Manitou Springs Snags Top National Ranking as Best Small-Town Arts Scene

Council Ends Mandatory Mask Mandate

Gabriel Paulson

Already well-known for the Cog Railroad, the Incline, the numerous springs that many still claim have healing properties and Rainbow Falls, Manitou Springs can notch another claim to fame following a recent report from USA Today.

Home to Commonwheel Artists Co-Op, Green Horse Gallery, Fare Bella Studio and Gallery, Darpino Studio Gallery, and the  town’s  booming Arts Center, Manitou Springs has been ranked number nine in the country of the list of top 10 best Small Town Arts Scenes in America.

It ranks just above Stockbridge, Massachusetts, the home of well-known painter Norman Rockwell and just below West Rutland, Vermont.

The ranking came following a survey of USA Today readers during the 2021 Reader’s Choice Travel Awards and was based on museums, art galleries, performing arts and busy event calendars.

“We do have that high caliber of art,” said Natalie Johnson, a member of Manitou Springs City Council and executive director of Manitou Arts Center, “but we also have that fun-loving experience too. I think that’s what people respond to. The fact that it is accessible and welcome to anyone who comes to our community.”

One of the artists who contributes to Manitou’s art scene is Vincent Coleman, whose work is on display for the second time at Manitou Art Center’s open space gallery. He was happy to hear that the local art’s community was finally getting national recognition.

 “It means a lot,” he said. There are a lot of talented artists who get the opportunity to come here and it is really hard to get a spot to display and sell your art.”

He was initially drawn to Manitou’s art scene by how fast the prices of art works can rise in a short period of time.

 “How creative everyone is, how involved the community is,” he said, “it is a lot different than other places where artists settle, I believe,” said Coleman.

Manitou Springs is home to painters, potters and creative types who come together to create through inspiration supplied by the natural beauty and rich cultural traditions of the Pikes Peak region, he stated. “Despite being a small town, it is full of color, culture and art and now it is making a name for itself nationally,” he said.

 “Manitou Springs celebrates and grieves through art,” said Becca Sickbert, executive director for Manitou Springs Creative District. “Everything we do comes back to our cultural shared experience. We have art on every corner of our downtown district and we are so intentional about how we place public art sculptures and where they are placed. I am not surprised we have been recognized in this way, because Manitou Springs has baked art into its very fabric.”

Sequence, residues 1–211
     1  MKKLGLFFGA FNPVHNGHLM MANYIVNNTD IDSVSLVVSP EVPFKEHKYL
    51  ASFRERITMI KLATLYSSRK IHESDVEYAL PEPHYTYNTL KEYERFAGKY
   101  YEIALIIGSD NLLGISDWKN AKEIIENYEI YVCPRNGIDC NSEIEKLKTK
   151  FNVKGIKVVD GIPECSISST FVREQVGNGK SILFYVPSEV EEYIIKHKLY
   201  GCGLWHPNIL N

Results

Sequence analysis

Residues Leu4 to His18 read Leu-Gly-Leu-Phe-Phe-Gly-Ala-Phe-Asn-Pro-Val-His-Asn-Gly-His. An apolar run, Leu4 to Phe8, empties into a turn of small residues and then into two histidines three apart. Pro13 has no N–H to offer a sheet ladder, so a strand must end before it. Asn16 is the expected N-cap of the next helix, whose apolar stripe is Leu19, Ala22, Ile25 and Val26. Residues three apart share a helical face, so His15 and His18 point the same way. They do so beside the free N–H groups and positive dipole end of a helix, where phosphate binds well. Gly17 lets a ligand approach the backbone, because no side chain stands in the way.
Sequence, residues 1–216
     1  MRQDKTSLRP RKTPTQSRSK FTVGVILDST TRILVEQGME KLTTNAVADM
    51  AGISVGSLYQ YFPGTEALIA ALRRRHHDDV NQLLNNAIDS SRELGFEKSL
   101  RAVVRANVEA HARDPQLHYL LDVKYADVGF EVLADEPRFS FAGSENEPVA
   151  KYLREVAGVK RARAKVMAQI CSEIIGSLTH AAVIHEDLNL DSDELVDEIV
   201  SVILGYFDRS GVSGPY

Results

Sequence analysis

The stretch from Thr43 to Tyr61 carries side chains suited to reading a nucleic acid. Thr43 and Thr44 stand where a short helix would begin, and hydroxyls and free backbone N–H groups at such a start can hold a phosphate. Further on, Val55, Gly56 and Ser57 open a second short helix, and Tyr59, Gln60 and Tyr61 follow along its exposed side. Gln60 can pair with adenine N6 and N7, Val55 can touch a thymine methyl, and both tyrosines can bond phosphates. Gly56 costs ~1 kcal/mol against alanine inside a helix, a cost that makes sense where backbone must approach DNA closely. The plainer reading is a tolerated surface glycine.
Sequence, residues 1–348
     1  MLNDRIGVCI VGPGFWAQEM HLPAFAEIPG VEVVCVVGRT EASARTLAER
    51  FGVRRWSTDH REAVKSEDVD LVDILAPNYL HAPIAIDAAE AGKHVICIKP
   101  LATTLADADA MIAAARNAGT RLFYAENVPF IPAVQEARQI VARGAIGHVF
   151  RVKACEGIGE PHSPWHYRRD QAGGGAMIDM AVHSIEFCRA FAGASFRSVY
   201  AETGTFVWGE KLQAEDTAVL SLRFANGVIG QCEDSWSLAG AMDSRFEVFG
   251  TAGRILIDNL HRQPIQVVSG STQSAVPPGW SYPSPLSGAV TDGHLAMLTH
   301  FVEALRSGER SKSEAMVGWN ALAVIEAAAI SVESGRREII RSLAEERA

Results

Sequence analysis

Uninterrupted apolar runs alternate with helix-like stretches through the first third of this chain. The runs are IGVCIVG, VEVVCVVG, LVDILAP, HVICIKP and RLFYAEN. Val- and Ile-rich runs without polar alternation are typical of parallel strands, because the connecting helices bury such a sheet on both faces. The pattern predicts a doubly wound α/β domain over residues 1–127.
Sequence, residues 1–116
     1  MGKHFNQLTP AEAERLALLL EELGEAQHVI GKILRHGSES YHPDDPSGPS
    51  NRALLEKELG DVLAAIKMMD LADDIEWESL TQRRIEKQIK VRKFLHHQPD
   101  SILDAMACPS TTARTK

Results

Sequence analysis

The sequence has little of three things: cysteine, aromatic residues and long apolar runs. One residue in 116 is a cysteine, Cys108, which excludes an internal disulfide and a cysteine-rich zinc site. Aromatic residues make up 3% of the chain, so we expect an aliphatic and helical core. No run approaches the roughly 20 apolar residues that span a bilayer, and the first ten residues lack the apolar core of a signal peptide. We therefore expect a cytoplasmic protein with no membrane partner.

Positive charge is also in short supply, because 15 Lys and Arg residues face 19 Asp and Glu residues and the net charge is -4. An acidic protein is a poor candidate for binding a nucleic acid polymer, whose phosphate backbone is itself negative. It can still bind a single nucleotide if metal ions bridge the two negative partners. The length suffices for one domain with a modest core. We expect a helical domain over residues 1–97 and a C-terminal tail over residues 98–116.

Art has been a part of the culture of Manitou Springs since the mid 1800s. It was this history that drew Nathan Foutch to Manitou Springs about seven years ago. “I wanted something to show respect for my love of artwork and free spirit,” he said. “Manitou seemed like the best choice.”

The focus on the arts in Manitou Springs also gets a boost from the sales tax initiative passed in 2019 known as the Manitou Arts Culture and Heritage Initiative, which sends tax funds back into the community as an investment in the arts.

The city also has ongoing efforts to make art more accessible to the general public. There are on-line programs available so people can find locally-made artworks without ever leaving their homes. And, there has been a lot of participation from the local galleries during the First Friday Artwalk, taking place the first Friday of each month and allows visitors to check out live performances, art galleries and art installations.

Mask Mandate Dropped

The city of Manitou Springs has dropped the mask ordinance in compliance with all state and federal guidelines.

Some businesses are still asking unvaccinated people to wear masks when entering the facility, but overall guidelines have been dropped moving forward. City Council meetings will again be held in-person at City Hall rather than online.  Similar to most cities in the area, Manitou conducted all of its meetings virtually for the last year and a half.

Construction continues along the western end of Manitou Avenue between the traffic circle and Serpentine Road, so expect delays through the area for the next few weeks. Work is expected to continue throughout the summer, as utility lines are being buried and work is conducted at Soda Springs Park.